For more than forty years, Troy sculptor and retired Rensselaer Polytechnic Institute professor Larry Kagan has been shaping and molding, casting and bending. Whether acrylic, salvaged scrap steel, or light itself, Kagan has been fascinated with shapes, textures, and the interplay of light and shadow. Tactility and touch have also driven his creativity: "The sense of touch is critical for me and I take great pleasure in physically whipping materials into shape."
Shape and Shadow: The Sculpture of Larry Kagan is a retrospective exhibition that will feature fifty works from three distinctive phases of Kagan's career: the 1970s cast acrylic sculptures that reflect and refract light; the found steel works from the 1980s and 90s that play with texture, pattern, and shape; and, more recently, the shadow pieces that rely on strategically positioned steel rods to sculpt light.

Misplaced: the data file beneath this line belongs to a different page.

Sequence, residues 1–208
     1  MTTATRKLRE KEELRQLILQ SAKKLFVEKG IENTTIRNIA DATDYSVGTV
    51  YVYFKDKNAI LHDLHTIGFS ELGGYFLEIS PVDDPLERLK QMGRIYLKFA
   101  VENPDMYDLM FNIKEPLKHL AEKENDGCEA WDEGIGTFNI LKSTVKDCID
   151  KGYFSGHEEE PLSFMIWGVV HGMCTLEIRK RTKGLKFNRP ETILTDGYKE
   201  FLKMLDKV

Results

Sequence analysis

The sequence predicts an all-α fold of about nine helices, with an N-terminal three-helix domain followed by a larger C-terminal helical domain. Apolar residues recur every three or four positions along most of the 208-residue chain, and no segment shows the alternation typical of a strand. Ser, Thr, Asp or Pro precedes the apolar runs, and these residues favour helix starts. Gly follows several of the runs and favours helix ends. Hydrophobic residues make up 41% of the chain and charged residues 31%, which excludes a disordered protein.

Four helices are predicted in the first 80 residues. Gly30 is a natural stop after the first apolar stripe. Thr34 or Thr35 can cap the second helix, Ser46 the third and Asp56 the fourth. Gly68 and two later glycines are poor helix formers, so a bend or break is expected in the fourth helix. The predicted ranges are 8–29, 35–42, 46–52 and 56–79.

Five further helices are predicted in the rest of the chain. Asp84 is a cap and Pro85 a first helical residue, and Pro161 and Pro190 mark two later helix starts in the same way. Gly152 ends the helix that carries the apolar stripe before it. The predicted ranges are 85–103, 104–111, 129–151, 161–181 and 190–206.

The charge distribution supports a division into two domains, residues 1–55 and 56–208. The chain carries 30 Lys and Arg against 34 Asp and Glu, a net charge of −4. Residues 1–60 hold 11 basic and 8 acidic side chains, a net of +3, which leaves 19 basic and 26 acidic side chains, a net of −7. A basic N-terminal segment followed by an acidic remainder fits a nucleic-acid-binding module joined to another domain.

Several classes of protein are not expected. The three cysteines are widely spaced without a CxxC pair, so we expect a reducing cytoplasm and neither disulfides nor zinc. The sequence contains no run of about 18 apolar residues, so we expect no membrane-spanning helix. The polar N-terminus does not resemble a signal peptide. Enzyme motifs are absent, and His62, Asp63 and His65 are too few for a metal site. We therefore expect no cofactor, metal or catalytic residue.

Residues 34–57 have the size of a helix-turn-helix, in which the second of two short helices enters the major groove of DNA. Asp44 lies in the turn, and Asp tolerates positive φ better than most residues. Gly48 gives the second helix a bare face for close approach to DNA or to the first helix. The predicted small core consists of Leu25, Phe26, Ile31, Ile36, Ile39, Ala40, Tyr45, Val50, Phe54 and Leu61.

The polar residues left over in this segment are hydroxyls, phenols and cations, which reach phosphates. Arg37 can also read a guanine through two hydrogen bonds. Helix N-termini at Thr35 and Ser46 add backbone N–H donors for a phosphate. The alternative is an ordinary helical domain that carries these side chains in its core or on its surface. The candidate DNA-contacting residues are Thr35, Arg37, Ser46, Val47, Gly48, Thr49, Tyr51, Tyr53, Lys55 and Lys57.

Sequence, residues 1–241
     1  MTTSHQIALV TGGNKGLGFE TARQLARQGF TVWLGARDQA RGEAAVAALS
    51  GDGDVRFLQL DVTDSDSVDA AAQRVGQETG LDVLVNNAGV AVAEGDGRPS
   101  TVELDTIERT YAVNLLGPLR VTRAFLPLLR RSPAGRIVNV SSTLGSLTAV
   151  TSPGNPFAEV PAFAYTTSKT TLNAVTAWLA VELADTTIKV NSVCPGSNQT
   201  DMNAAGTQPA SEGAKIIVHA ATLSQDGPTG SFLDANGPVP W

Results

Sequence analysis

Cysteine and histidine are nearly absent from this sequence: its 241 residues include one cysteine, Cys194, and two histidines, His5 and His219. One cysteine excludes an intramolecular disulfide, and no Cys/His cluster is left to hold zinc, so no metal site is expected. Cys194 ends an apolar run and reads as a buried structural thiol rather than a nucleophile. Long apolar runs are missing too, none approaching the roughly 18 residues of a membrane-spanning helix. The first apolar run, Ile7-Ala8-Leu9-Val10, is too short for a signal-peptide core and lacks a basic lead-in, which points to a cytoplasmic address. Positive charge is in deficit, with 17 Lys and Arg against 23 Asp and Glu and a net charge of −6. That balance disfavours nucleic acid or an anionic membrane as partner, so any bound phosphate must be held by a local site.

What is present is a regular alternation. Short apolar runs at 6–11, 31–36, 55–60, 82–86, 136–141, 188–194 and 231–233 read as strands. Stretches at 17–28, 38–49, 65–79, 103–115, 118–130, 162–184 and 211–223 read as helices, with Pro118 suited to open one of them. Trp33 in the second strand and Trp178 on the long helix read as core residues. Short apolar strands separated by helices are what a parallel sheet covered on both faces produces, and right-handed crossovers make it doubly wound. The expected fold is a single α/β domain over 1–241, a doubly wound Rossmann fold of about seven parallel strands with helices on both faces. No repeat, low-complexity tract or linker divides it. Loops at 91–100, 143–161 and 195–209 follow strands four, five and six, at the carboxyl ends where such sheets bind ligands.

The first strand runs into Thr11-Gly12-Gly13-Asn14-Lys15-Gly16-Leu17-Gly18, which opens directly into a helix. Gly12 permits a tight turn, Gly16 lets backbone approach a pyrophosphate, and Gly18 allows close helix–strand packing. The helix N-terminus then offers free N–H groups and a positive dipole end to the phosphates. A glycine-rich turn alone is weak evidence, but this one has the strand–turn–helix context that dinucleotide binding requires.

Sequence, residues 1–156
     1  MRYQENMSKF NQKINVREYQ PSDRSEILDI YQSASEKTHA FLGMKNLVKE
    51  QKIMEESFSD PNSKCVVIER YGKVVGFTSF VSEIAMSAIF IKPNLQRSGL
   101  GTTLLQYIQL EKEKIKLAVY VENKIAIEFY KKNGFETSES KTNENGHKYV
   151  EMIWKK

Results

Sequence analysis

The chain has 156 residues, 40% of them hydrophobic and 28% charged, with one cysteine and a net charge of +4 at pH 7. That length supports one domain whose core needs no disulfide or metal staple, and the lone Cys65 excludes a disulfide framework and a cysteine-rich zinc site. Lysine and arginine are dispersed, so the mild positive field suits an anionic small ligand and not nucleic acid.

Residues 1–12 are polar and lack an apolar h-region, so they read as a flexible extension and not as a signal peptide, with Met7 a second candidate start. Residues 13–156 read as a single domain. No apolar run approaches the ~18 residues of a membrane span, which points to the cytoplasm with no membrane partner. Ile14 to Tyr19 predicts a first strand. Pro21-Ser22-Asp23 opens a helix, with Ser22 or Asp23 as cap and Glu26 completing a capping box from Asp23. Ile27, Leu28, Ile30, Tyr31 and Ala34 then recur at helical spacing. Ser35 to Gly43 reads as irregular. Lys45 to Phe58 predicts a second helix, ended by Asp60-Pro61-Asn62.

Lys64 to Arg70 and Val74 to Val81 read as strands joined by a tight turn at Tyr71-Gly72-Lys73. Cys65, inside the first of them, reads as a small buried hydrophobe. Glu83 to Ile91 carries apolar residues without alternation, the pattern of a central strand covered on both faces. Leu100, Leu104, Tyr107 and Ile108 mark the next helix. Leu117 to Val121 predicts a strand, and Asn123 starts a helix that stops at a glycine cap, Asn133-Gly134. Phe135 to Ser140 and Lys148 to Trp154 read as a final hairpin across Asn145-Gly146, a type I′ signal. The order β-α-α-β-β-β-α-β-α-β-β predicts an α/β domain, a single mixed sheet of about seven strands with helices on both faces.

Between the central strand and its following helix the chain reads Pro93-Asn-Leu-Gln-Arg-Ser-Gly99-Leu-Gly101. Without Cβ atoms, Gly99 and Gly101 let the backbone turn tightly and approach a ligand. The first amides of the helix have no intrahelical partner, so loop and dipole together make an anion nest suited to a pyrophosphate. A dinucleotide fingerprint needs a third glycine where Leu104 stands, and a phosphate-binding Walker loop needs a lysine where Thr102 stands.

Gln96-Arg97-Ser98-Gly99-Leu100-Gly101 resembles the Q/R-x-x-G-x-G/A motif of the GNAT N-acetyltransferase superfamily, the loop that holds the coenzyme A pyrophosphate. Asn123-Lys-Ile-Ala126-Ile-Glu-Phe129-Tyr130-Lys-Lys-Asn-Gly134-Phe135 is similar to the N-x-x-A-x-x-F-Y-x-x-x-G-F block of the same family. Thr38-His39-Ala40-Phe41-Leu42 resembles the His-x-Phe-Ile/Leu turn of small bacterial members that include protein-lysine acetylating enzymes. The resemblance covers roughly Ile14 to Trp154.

Photo 1: Larry Kagan (center) working on installation of exhibition Shape and Shadow: The Sculpture of Larry Kagan.
Photograph by Gary Gold.
Photo 2: Stiletto II, Larry Kagan, 2010, light and steel wire, artist collection. Photograph by Gary Gold.
Photo 3: Buckle, Zig Zag, Façade, Larry Kagan, 1981, flame cut steel plate, artist collection. Photograph by Gary Gold.